I can think of all the different times I made a German chocolate cake. The recipe was always the same. I layered it with the filling and then frosted the outside as I always did. But no matter how I tried, one cake was never identical to the next. There was always a slight variation of chocolate drizzle, or something—always one small change. Our world building should be like this. Take what is familiar, our world for example, and change something small—something so basic you wouldn’t think it would matter, and then see what happens.

Image courtesy of FreeDigitalPhotos.net
Image courtesy of FreeDigitalPhotos.net

In the world J.K. Rowling created, she’d change just one thing—in her world, magic existed. That added a whole new layer to the world of Harry Potter. Would the story even have existed without that change? In the Dream Keeper Chronicles, I did something similar as Rowling—I changed one thing—I made Dreams a real place. This changed nothing on the surface of my cake, but it added a whole new layer to my world. What would happen if we changed an event in history, say the extinction of the dinosaurs? How different would our world look then? What about the fall of the Nazis? Or the disbelief in the Greek gods? Changing something small can create endless possibilities.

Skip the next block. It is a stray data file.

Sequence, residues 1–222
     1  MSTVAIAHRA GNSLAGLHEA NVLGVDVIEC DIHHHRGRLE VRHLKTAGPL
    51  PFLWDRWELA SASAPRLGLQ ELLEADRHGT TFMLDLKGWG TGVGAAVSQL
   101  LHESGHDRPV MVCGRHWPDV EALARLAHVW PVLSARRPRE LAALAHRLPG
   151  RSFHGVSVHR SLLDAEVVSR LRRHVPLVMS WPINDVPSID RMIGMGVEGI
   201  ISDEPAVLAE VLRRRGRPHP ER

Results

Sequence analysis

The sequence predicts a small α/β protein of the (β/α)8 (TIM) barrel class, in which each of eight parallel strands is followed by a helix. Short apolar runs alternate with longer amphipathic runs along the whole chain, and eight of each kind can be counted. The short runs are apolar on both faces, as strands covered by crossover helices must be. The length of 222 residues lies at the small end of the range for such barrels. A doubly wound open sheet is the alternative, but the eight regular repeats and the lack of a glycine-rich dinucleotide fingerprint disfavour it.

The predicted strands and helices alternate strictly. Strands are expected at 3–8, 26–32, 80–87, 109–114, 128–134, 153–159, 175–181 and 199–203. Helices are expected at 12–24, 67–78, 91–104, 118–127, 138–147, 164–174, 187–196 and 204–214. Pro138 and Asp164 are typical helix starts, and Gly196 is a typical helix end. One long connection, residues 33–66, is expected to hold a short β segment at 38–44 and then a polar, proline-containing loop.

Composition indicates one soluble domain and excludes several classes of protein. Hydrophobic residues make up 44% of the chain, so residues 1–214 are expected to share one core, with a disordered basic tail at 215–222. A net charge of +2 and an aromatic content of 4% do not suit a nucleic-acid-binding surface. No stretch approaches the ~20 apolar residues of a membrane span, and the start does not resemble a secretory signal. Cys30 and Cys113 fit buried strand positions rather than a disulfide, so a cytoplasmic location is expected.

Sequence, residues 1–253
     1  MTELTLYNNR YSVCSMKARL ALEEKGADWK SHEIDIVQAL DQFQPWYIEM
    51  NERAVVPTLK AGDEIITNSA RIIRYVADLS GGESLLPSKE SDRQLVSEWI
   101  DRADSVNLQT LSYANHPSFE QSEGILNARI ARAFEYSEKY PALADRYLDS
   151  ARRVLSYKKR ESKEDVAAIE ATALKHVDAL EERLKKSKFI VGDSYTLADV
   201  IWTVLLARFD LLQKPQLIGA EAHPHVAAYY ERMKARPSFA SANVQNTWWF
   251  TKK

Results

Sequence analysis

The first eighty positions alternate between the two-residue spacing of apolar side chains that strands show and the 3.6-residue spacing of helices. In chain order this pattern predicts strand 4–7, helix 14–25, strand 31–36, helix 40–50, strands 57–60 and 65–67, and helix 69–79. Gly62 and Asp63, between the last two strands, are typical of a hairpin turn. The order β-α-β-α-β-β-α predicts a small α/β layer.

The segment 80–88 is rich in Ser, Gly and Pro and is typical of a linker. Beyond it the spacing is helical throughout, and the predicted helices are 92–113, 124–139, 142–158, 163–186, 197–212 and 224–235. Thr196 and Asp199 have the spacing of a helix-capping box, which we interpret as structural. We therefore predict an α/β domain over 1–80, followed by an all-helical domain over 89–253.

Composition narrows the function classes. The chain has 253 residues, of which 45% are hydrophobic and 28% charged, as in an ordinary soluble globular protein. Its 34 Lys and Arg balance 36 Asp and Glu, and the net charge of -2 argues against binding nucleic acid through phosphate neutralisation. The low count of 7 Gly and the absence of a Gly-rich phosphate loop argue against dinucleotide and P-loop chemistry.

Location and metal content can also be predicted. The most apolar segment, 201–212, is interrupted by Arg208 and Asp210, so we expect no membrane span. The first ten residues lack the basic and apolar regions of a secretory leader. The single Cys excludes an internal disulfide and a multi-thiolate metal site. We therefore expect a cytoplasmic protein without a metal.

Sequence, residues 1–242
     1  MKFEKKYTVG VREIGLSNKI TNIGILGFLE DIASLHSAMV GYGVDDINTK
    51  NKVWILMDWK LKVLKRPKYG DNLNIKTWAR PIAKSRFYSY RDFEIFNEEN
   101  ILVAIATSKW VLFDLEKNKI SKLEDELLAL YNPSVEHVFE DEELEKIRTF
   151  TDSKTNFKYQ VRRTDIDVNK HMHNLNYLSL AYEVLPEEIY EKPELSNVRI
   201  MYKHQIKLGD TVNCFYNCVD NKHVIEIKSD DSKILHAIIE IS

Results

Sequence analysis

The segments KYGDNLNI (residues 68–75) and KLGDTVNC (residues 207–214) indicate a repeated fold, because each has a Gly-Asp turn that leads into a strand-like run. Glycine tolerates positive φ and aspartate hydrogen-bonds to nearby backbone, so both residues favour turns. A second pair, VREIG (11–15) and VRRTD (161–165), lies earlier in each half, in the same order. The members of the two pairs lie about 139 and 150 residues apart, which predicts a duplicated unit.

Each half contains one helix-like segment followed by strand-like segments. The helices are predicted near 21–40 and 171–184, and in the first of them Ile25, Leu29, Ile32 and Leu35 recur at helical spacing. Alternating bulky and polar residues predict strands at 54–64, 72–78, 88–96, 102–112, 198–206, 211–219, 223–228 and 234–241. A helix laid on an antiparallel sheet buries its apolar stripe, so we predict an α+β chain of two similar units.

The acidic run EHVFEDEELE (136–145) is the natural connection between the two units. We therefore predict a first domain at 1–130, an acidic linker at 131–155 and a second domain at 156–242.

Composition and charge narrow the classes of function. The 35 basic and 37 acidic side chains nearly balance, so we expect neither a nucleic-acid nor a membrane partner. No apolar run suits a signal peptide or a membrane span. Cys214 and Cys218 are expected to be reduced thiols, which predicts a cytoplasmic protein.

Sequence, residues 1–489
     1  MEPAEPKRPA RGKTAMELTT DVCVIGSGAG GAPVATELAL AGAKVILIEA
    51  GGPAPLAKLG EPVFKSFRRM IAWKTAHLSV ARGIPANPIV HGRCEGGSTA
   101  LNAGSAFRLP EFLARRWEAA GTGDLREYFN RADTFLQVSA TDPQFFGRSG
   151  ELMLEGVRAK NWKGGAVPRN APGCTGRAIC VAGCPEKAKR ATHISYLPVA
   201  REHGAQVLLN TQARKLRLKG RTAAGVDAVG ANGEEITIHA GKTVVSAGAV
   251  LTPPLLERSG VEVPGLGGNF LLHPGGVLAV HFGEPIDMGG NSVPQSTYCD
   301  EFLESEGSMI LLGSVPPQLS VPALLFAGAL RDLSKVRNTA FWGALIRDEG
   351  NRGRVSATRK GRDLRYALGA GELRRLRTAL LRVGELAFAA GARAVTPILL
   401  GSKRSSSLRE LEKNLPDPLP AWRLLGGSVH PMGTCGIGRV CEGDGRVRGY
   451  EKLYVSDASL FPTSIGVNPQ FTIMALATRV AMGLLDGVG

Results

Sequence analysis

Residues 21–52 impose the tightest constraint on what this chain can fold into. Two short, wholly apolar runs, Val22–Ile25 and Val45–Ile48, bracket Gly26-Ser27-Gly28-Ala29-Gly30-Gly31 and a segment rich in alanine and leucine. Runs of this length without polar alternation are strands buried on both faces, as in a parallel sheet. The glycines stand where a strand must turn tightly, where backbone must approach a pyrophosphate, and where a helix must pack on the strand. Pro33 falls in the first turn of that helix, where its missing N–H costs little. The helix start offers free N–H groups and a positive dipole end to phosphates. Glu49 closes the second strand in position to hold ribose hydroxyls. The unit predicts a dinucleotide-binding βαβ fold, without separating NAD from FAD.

However you decide to make your world is up to you. All cakes are different, but all use frosting, flour, eggs, and sugar. The fun is what you do with the ingredients. They can be covered in buttercream, which is soft and creamy, or whipped cream which is fluffy.  They could have fondant icing which is smooth like satin, or royal icing which can be hard and textured. There really is no limit to your world. Have fun creating! For another great post on Authentic World Building check out the post Cas Peace share on the Authors’ Think Tank Blog last year: http://wp.me/p2AmV1-bF. Happy Writing!